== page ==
Restaurants are often considered not for what they are in themselves, but for how they stack up against their peers. And lately, the Subcontinental food scene here has hurriedly grown up. Perhaps that is why we haven’t returned to Nepali Kitchen for some time. But upon revisiting, things remain the same.
And this is mostly a good thing. The Himalayan decor here is perfect for both a hushed first date or a big dinner with friends, and you can either lounge on the floormats upstairs, searching for comfort amidst shifting pillows, or sit in the more traditional, upright manner. On busy nights, be sure to specify your preference. Service isn’t their strength, as occasionally surly, traditionally dressed Nepalese patrol the three floors. But there are 10 wines (seven reds, three whites and a rose) under ¥200; it’s one of precious few places in Shanghai where the wine list doesn’t incite disdain and/or anger in this reviewer. Perhaps you’ve heard this all before.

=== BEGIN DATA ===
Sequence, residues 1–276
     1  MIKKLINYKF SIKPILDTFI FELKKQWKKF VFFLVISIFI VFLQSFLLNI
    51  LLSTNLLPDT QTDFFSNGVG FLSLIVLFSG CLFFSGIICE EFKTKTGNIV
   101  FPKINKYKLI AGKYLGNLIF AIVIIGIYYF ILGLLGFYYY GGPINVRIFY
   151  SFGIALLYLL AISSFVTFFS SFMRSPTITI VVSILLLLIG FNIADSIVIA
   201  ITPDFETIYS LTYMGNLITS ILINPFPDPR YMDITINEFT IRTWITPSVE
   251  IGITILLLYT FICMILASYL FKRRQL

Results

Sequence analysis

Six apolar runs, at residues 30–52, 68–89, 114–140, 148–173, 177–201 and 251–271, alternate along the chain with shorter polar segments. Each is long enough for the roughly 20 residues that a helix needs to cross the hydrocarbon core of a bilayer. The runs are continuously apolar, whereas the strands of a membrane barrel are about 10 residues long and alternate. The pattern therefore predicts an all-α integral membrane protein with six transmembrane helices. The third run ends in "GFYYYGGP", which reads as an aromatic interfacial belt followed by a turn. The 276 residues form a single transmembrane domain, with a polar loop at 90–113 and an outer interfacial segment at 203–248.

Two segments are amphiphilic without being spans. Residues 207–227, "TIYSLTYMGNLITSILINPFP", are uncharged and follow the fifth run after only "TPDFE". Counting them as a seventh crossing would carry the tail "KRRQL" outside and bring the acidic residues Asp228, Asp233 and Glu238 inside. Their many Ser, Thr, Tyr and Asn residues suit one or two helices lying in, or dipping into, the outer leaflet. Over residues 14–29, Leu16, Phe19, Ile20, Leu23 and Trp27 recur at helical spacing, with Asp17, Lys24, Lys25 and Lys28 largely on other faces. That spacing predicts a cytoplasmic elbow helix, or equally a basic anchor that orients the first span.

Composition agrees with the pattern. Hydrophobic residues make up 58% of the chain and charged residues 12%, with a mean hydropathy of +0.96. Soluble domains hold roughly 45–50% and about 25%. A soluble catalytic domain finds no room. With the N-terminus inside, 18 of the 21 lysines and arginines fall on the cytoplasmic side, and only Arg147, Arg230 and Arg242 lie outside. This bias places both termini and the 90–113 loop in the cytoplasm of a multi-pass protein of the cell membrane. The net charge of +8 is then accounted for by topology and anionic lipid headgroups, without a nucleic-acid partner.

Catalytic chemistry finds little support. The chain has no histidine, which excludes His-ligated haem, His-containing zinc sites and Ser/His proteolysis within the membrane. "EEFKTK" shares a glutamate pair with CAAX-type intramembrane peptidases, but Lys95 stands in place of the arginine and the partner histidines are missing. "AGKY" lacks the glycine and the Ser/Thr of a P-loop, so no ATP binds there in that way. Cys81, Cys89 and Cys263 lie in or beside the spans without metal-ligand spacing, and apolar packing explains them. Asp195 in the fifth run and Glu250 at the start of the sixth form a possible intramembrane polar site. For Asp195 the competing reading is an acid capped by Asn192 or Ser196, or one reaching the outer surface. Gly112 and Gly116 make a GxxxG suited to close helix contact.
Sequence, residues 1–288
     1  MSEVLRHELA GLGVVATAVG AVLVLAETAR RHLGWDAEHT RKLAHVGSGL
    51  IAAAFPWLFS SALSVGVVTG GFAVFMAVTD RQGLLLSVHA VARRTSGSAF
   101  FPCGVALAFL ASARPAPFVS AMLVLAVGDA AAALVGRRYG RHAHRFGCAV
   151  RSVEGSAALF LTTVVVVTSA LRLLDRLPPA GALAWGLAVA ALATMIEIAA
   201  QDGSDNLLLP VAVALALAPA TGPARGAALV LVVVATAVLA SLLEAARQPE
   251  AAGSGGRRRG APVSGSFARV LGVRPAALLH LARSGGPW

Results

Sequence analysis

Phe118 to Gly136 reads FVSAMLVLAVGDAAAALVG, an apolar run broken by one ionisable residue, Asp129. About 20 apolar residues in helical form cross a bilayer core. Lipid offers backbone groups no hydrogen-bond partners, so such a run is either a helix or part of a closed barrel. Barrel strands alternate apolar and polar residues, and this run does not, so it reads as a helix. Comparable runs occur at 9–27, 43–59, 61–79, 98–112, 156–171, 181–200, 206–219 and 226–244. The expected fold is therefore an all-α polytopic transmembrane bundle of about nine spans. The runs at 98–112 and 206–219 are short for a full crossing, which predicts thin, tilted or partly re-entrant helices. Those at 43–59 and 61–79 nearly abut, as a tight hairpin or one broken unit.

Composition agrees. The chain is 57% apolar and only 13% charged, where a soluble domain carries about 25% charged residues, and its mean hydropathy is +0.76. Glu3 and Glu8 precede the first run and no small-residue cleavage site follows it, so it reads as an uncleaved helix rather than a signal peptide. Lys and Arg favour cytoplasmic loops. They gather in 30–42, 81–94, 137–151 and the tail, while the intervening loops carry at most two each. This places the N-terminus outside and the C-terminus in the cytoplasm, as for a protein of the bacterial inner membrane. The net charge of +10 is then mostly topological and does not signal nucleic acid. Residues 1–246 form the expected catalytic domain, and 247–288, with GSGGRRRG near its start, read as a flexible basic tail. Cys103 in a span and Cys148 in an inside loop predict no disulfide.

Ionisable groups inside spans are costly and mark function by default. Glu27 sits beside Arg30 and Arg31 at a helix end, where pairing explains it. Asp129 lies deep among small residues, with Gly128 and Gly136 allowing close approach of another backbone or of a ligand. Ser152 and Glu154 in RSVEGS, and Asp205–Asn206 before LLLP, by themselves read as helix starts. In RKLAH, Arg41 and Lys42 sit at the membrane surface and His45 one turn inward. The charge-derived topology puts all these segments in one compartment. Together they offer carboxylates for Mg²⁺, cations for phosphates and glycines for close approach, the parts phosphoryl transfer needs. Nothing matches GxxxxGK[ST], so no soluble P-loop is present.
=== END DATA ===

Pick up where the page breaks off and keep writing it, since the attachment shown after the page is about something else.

Having never been to Nepal, we’d describe the food as Indian’s lighter cousin. And the curries here can vary from thin but flavorful (beef or chicken) to soupy (they need to work at their watery veggie curry and daal – both too reminiscent of Lhasa hostels for our taste). Spicy, garlic and coriander marinated beef choila is always a safe choice, as is Nepali’s chicken chili; this Chinese-inspired dish might be their best. All this food, soaked up in a buttery peas pulao and washed down with a fruity red makes for a hearty, autumn meal. One that, unlike the leaves, won’t change anytime soon.